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You would be forgiven for thinking that Father John Misty’s headline set at Rock City last Sunday, the 15th of May, would be met with a crowd of angry, pitch-fork welding revellers after that interview on Radcliffe and Maconie’s BBC 6Music show last week. However, as I struggled to find a spot in the packed music hall, it was obvious that public devotion for Josh Tillman hasn’t dwindled even after the UK media backlash.

Tillman and his six-piece band were engulfed in an ethereal mist of green light as they began with a track from his debut album, “Everyman Needs a Companion”. The audience were left with a tableau of silhouettes as Father John Misty’s dulcet tones projected warmly around the venue, every audience member seemingly immersed in this mystical projection of vocals. Although there was no introduction from Father John Misty himself, his narrative-led, witty lyricism lead the audience through an invested account of love and heartbreak, without many breaks between songs to showcase his trademark cuts of cynical one-liners. The glistening crescendo of his almost two hour set came for me within the first five songs. “When You’re Smiling and Astride Me”, from Father John Misty’s widely critically acclaimed second album, “I Love You Honeybear”, drenched the room in a soulful optimism, the passion exuding from the front man into the front row as he fell to his knees copious amounts of times, whilst a disco-ball mirrored and personified the song’s sparkling grandeur.


Image: Abby Gillardi under Creative Commons license.

It’s hard to think that a frontman with the over-exuding confidence (if somewhat arrogance) that Josh Tillman seeps from every pore, was stuck behind a drum kit like he had been with his previous stint as a member of indie folk band Fleet Foxes. He commands the stage in an early Jarvis Cocker-like manner, strutting around to the audience’s delight.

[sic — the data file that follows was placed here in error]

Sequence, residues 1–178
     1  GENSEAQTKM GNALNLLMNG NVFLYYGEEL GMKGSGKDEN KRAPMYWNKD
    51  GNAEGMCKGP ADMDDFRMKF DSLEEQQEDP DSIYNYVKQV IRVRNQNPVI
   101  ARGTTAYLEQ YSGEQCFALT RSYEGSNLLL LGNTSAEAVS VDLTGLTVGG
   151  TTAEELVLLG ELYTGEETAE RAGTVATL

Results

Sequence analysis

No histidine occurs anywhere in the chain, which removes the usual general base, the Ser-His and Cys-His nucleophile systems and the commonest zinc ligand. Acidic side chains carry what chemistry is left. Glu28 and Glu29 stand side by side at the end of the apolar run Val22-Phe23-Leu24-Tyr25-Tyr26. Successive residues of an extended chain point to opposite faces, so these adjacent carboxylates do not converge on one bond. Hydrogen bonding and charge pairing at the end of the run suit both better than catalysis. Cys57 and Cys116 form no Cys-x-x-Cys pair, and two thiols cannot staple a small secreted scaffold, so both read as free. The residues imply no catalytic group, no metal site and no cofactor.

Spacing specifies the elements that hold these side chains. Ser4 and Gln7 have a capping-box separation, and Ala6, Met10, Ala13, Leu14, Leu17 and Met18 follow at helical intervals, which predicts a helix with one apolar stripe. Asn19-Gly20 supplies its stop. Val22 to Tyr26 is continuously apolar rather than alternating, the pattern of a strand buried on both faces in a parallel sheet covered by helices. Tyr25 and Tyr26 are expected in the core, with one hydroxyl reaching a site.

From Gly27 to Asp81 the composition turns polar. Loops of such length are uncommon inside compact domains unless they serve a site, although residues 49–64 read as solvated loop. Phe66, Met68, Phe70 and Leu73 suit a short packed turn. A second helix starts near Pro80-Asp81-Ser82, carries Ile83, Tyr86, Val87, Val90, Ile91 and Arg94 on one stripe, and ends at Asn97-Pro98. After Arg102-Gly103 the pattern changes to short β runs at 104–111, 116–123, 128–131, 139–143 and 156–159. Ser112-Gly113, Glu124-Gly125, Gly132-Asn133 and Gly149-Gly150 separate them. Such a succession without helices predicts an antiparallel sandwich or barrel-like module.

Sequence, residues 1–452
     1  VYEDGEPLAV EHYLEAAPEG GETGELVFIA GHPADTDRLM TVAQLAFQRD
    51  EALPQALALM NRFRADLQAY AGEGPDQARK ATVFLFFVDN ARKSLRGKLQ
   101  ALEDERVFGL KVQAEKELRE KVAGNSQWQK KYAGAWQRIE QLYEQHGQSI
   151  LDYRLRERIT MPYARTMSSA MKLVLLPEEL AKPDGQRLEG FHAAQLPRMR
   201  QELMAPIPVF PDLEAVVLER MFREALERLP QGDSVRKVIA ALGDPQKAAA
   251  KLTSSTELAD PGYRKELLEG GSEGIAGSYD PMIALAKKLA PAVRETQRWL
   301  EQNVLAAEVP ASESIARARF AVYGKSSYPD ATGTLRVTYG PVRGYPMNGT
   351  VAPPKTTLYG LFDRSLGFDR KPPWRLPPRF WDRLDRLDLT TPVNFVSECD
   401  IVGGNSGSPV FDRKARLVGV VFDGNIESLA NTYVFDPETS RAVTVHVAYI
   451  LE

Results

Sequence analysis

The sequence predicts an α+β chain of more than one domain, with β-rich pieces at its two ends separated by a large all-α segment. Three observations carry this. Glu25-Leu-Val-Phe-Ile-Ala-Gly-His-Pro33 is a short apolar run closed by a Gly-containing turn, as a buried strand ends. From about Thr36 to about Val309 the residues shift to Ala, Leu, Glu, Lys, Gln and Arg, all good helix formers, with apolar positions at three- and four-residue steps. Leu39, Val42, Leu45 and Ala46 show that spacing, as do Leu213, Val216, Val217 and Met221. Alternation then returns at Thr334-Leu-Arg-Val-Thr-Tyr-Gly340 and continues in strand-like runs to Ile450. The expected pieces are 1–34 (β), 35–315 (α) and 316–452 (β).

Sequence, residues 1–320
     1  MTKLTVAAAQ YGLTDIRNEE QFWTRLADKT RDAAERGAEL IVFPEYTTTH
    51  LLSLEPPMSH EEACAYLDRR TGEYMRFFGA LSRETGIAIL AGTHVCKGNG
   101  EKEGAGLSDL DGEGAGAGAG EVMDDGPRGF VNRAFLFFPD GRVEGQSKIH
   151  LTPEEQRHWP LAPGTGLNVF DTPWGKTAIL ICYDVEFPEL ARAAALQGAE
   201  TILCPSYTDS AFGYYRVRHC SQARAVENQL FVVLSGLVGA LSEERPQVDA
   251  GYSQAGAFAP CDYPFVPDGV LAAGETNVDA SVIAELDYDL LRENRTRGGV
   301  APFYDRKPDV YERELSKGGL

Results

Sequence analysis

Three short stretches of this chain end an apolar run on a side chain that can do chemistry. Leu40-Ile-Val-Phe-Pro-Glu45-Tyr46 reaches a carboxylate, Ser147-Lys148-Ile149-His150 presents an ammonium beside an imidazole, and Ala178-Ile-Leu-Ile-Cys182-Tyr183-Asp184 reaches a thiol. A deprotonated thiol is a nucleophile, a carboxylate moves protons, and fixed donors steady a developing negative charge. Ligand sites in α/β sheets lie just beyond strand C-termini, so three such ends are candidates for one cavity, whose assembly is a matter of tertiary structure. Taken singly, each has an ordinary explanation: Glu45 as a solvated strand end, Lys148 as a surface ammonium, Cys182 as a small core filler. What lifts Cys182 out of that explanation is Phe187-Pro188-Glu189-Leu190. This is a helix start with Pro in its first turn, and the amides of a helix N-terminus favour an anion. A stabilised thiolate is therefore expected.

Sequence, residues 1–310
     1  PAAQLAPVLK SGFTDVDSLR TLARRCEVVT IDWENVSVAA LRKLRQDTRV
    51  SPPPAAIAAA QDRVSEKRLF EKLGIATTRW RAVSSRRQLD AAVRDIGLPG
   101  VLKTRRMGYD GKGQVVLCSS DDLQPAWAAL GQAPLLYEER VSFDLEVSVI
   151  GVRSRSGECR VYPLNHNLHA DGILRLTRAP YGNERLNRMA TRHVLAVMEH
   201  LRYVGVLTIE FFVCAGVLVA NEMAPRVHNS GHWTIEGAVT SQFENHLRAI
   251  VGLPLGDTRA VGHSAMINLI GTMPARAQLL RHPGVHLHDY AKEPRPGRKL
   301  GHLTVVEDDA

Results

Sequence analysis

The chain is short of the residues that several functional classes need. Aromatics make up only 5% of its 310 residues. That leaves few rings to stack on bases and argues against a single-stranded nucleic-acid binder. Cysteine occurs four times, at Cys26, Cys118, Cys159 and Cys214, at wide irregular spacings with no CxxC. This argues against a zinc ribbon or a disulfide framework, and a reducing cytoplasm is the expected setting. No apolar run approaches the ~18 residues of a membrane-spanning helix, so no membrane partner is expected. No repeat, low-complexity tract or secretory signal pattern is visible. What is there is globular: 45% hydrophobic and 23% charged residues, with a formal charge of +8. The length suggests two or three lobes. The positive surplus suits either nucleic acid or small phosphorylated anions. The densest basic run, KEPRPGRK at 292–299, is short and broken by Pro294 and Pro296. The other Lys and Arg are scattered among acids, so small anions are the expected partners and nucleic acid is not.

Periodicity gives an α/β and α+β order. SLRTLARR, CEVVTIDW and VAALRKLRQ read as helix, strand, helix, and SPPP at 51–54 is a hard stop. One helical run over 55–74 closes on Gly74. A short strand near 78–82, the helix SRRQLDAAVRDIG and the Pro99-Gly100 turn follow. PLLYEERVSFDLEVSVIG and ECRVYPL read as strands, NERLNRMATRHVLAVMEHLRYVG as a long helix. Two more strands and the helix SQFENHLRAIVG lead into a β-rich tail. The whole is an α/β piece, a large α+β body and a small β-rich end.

One of the more sombre tracks on his sophomore album, “Nothing Good Ever Happens At The Goddamn Thirsty Crow”, developed into a more climatic, almost aggressive rendition when Tillman accounted technical difficulties and propelled his microphone stand to the ground, his annoyance being redirected into transforming the track into a delightful mass of energy, finishing with an erupted, “that’s right motherfucker!”

The most surprising aspect of Father John Misty’s performance was the artist’s ability to adapt and evolve his showmanship in order to depict his lyrics in such a believable and honest way. His vocal prowess was demonstrated exquisitely during the encore in a heartfelt rendition of the last song on ILYHB, “I Went To The Store One Day”, lit by a single spotlight. This angelic hymn cast a spell over the entire audience, with every person captured by each and every phrase. This poignant moment was of course quickly contrasted with a rousing rendition of Nine Inch Nails’ “Closer”, the pounding misplaced synth fuelling Tillman’s already chaotic transit around the stage.

Any act that retires from the stage to Drake’s quintessential anthem “Legend” gains points in my book, but as Tillman flung himself into the front row, trying to embrace as many members of the audience that he could, it was clear that the adoration pouring from the audience was completely and utterly requited.

Have you caught Father John Misty live?  Let us know in the comments!

images: Derek Key and Abby Gillardi under Creative Commons.
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